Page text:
Art by Tim Bower

Why do moose have that weird goatee thing?

The unofficial answer is… well… because… nature’s weird? The flap of skin that hangs underneath a moose’s chin is known as a dewlap, or bell. Scientists have theories about the purpose of the dewlap, including that it may be used for communication during the rut. Another theory is that it may act as a sign of social hierarchy; a larger dewlap could signal a more dominant male. Ultimately, there’s no conclusive evidence explaining exactly why moose have dewlaps. That means the official answer is, well, because nature’s weird.

Nature is, in my opinion, pretty neat. What’s the neatest thing about nature in Alaska?

During winter, wood frogs in Alaska will stop breathing, their hearts will stop beating for days to weeks, and two-thirds of their body will freeze before they thaw and return to life as usual in spring. How crazy is that? How about this one: Female little brown bats can eat as much as 110 percent of their body weight in a single night. Alaska is home to more than 30,000 brown bears, some of the best aurora viewing on the planet, and more than 40 active volcanoes. In a state with so many extreme and marvelous natural wonders, it’s impossible to choose one.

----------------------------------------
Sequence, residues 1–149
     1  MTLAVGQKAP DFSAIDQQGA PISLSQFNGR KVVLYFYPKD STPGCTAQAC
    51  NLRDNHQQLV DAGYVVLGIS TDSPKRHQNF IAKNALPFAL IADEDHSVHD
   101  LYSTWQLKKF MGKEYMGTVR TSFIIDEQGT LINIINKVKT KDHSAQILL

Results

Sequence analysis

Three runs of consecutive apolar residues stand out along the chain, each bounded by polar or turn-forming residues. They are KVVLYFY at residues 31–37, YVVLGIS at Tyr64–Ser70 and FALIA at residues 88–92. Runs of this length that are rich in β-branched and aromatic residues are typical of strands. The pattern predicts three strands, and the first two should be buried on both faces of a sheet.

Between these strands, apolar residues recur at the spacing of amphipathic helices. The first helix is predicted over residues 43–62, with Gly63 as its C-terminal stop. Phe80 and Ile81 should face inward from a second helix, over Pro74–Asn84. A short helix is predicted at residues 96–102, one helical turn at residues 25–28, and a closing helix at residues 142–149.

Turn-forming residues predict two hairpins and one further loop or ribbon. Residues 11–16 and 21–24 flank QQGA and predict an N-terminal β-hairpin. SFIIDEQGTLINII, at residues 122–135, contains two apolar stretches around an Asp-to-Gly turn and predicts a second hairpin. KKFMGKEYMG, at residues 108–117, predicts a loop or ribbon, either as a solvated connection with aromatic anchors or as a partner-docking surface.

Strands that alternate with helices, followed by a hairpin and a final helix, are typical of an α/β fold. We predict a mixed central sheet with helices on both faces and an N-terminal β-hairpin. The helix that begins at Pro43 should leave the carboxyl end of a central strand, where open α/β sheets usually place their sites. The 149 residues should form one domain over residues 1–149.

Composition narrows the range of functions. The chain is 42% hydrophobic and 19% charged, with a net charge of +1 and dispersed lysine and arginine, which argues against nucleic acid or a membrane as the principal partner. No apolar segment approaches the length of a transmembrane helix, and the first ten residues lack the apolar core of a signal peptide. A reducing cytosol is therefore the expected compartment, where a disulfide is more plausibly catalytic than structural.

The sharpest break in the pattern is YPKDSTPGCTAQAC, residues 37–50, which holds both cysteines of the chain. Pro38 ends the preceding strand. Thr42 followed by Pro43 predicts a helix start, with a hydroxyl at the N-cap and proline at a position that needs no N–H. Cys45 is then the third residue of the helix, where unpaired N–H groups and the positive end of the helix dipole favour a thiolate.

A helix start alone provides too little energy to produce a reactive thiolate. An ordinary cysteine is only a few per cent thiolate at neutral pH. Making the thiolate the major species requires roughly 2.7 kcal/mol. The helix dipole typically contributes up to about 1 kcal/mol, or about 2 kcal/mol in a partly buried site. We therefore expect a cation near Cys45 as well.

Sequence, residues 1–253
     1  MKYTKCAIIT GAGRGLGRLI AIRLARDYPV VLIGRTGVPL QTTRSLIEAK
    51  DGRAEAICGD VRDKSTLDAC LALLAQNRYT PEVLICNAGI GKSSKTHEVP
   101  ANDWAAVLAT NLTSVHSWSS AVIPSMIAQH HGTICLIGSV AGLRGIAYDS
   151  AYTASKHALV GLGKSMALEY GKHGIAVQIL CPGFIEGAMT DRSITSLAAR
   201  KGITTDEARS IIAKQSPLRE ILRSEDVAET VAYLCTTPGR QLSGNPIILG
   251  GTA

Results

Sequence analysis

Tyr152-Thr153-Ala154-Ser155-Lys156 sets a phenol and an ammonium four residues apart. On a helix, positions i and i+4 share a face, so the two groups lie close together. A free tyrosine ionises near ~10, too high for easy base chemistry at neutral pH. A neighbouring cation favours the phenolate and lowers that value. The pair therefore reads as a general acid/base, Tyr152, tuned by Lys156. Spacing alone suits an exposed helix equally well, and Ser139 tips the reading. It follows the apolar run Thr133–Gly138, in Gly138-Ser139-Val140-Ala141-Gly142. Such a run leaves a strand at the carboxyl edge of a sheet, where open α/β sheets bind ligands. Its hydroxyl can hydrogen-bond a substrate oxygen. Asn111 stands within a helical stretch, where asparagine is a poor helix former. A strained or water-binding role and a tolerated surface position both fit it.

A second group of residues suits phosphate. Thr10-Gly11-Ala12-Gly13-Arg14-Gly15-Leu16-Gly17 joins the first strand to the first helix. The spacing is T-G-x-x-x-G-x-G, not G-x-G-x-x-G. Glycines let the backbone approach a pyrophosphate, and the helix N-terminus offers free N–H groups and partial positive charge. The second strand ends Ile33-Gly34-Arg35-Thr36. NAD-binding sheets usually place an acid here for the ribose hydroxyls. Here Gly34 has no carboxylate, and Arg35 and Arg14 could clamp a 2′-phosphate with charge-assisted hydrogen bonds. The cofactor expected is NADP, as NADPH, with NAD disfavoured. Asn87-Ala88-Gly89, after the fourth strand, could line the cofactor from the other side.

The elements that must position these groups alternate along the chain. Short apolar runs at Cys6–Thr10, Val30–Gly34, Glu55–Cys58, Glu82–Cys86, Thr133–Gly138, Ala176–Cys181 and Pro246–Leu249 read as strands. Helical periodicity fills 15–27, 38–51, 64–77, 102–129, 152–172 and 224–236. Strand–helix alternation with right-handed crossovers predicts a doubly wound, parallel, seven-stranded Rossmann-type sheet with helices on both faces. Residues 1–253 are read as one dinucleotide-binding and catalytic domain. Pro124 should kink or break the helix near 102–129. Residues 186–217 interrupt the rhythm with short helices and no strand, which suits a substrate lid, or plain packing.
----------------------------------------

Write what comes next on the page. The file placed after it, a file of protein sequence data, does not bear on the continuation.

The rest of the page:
I’ve seen moose and brown bears. What should I look for next?

Keep your eyes peeled for the lesser known Alaskan penguin. They’re shy, aloof, and spend most of their time adding on to and remodeling the complex burrow systems in which they dwell. Alaskan penguins have patterns similar to the famous tuxedo style of their southern counterparts, except the jacket is a light brown, very similar to the color of Carhartt, and their belly is checkered like flannel. Like everything else in Alaska, they’re large, twice the size of an emperor penguin. So don’t piss one off. We recommend avoiding fishing near where an Alaskan penguin is foraging, just in case his feathers get tangled in your line.

How do Alaska Natives use the whales they harvest?

An integral part of life for Yup’ik and Inupiaq people, whaling is a way for indigenous Alaskans to pass on traditional knowledge, strengthen community, and teach skills like patience and perseverance. In addition to cultural significance, whaling in modern Alaska is primarily a source of food. Eleven communities, from Kaktovik in northeastern Alaska to Gambell on St. Lawrence Island, subsistence hunt for bowhead whales. Some communities hunt only in spring or fall, and some communities hunt during both seasons. Whale harvest provides about one million pounds of food during an average year. Replacing that nutrition with store-bought beef would cost residents tens of millions of dollars.

Author

Alexander Deedy is the assistant editor and digital content manager for Alaska magazine.

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